Note: Following are excerpts from the full interview. The interview was conducted by Kevin Booth, Auralex director of sales and marketing. Robb Wenner, Auralex director of artist relations, produces the podcast and jumps in with questions. To hear the full interview, subscribe to Auralex Creative Spaces on your podcast platform of choice.
Kevin Booth: So, what sparked your interest in music?
Jose Rios: I was around 15 years old, and I was driving in the car with my father, and he was playing Stevie Ray Vaughan's Soul To Soul album. I forget the song's name, but it was Stevie Ray soloing the whole time with the wah pedal, and it was crazy. I remember hearing that and being blown away and just trying to understand what that was and what he was doing. I went straight home and grabbed all the records that my dad had of Stevie Ray, like Texas Flood, and I sat there and listened to all that stuff, and I tried to emulate him. That was my first spark. I always loved music as a kid, and my parents told me that I was emotional when I heard music, and I would get sad and stuff. I didn't understand what music was doing, but Stevie was probably the first thing I listened to where I was like, OK, I want to pick up an instrument and try and see if I can make music.
KB: Did you have any additional music education?
RW: Who were the artists or producers that inspired you?
JR: I did a lot of playing with friends and watching YouTube. I also did a lot of tabs! I decided to go to Musicians Institute because one of my friends was going there, and that's where I ended up meeting Anderson .Paak and Ron Avant, and the other guys in the group. We played all the L.A. clubs, like on the Sunset Strip, you name it, we've done it! Early in my guitar playing, I did many open jams because I just wanted to meet people. That was a cool experience, and I got to meet other L.A. musicians that, to this day, I still know and see all the time on the road because they're on gigs with certain artists.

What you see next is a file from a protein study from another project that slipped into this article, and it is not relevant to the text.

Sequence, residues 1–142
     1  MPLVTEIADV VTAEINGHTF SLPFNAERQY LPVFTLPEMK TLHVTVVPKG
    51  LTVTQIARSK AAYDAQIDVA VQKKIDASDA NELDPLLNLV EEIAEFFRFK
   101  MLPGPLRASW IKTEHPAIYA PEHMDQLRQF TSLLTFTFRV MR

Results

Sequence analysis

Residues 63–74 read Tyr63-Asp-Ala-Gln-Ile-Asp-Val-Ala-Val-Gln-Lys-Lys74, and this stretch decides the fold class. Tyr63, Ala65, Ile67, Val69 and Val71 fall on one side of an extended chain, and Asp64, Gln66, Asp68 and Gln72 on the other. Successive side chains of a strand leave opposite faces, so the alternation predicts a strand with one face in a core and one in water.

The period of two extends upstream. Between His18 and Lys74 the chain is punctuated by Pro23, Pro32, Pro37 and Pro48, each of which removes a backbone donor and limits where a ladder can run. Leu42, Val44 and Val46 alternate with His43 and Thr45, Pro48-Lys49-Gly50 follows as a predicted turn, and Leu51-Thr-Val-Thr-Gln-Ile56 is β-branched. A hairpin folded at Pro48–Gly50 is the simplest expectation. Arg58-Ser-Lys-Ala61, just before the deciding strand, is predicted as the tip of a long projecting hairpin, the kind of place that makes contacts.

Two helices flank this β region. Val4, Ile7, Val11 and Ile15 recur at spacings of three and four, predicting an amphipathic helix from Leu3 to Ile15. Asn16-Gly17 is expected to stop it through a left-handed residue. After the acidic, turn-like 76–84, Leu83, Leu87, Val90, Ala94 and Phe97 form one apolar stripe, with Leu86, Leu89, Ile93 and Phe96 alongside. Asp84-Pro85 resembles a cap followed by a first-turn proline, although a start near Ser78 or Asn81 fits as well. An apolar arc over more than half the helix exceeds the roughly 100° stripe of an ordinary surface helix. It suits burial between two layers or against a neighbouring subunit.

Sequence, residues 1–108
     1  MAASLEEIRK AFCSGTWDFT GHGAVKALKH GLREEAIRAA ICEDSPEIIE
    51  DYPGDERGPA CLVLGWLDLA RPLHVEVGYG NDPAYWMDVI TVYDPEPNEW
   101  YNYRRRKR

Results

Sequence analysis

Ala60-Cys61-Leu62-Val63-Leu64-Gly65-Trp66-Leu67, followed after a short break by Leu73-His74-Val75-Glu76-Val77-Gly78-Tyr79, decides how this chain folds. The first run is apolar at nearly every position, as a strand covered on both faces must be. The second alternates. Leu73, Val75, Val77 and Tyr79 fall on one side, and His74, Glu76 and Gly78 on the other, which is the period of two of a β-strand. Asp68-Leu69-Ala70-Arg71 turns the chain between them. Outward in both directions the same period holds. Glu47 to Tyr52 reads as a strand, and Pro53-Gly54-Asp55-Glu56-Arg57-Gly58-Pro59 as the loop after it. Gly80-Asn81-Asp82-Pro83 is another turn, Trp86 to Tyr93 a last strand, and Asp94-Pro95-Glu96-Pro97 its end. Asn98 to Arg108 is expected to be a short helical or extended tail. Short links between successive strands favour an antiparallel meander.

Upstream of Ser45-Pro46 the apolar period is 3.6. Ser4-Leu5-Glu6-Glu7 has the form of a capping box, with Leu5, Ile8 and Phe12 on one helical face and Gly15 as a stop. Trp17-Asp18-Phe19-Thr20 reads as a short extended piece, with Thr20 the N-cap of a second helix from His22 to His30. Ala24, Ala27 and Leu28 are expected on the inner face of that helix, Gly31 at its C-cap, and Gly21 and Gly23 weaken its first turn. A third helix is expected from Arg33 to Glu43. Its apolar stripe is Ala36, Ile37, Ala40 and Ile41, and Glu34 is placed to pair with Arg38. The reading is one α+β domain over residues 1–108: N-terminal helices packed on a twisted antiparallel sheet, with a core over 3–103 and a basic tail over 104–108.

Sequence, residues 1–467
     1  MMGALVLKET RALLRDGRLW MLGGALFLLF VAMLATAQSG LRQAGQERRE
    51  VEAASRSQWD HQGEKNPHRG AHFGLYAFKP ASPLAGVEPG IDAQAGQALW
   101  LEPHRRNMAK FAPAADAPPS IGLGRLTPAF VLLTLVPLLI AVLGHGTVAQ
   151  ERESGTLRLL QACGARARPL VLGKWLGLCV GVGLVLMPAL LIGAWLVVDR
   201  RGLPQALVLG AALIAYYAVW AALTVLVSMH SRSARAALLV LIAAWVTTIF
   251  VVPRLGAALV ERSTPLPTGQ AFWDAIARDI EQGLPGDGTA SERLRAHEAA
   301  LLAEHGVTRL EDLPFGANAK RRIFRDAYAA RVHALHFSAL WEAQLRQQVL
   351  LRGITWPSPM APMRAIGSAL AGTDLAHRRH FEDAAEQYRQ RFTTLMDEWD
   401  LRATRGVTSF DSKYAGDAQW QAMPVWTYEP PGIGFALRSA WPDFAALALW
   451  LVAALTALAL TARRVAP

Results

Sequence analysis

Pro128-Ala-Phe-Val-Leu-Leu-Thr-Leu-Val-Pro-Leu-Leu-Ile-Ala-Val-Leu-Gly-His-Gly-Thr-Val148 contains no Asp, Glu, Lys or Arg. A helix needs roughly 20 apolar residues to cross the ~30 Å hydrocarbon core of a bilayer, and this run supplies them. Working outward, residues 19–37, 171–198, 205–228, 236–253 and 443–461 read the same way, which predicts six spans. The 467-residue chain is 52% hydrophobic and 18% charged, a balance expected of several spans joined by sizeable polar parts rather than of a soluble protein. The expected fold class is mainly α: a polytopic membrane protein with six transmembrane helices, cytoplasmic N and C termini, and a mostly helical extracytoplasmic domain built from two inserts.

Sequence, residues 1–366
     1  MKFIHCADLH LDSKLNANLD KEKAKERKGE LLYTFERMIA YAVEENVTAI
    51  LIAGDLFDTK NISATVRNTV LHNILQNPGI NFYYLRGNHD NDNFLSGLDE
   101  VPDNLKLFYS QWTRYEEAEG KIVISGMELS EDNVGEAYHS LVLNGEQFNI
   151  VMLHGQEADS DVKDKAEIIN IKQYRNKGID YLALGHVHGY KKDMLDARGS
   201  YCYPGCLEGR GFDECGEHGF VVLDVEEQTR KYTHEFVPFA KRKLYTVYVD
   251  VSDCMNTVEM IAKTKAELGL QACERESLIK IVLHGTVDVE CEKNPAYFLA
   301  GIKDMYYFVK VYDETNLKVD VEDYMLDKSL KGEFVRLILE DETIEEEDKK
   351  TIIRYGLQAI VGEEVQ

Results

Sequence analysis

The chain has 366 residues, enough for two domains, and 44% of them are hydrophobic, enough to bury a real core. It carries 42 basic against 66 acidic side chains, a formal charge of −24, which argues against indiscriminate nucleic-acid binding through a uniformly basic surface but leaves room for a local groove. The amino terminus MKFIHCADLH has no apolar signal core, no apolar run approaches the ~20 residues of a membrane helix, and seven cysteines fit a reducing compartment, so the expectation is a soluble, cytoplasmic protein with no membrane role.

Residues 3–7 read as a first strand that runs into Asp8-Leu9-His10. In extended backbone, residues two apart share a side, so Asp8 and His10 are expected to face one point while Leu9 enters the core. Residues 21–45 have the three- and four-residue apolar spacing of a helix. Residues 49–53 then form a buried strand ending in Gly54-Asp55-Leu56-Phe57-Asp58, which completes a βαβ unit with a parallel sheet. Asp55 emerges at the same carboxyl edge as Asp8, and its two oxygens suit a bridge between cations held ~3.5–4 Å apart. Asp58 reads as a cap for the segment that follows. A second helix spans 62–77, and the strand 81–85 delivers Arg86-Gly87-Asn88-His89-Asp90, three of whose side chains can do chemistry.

JR: Stevie Wonder was a huge influence, and I was always amazed by his songwriting and how he made his music. Stevie Ray was more of a technical influence, and his songwriting was great too. I like reggae music, so Bob Marley was is a significant influence. I listened to some jazz here and there like Miles (Davis) and (John) Coltrane and people like that, just trying to broaden my musical vocabulary.
KB: Tell us about your personal studio. What have you been working on recently?
JR: Installing the Auralex acoustical treatment (SonoFlat™ panels and LENRD™ bass traps) changed the game in here! The space is tight and warm, and I feel like I'm hearing such a nice, well-rounded warm mix. The movable panels (ProMAX™) are cool too! I'm moving them around the room because I have one open wall with windows, and I can create a tighter sound. One of my favorite things are the clouds (SonoLite™ Clouds). Putting those up over the listening position made a big difference.
I've been creating stuff for fun, and I try to push this music to other artists that I know, and we're starting to put together some material for a new Free Nationals record. I've also been working with a group called Mother Nature, from Chicago, they're really cool.
KB: Is there something interesting or unexpected about you people don't know about outside of your music?
JR: I'm serious about my cooking. I would love to have a food truck or something, maybe down the line! I do yoga too, and I try to keep limber because being onstage takes a lot out on you. I also want to promote meditation to the musicians out there. It's important to get your head clear and calm because I know how stressful things can be, and things are different now because of the Covid-19. Meditation is a great way to get your head right. I'm at the beginning of my learning practice, and right now, it's more about breathing and just connecting with my breathing five to ten minutes a day, just relaxing and trying to clear my mind of anything that's ailing me or giving me problems.
For more info about Jose and Free Nationals, go to: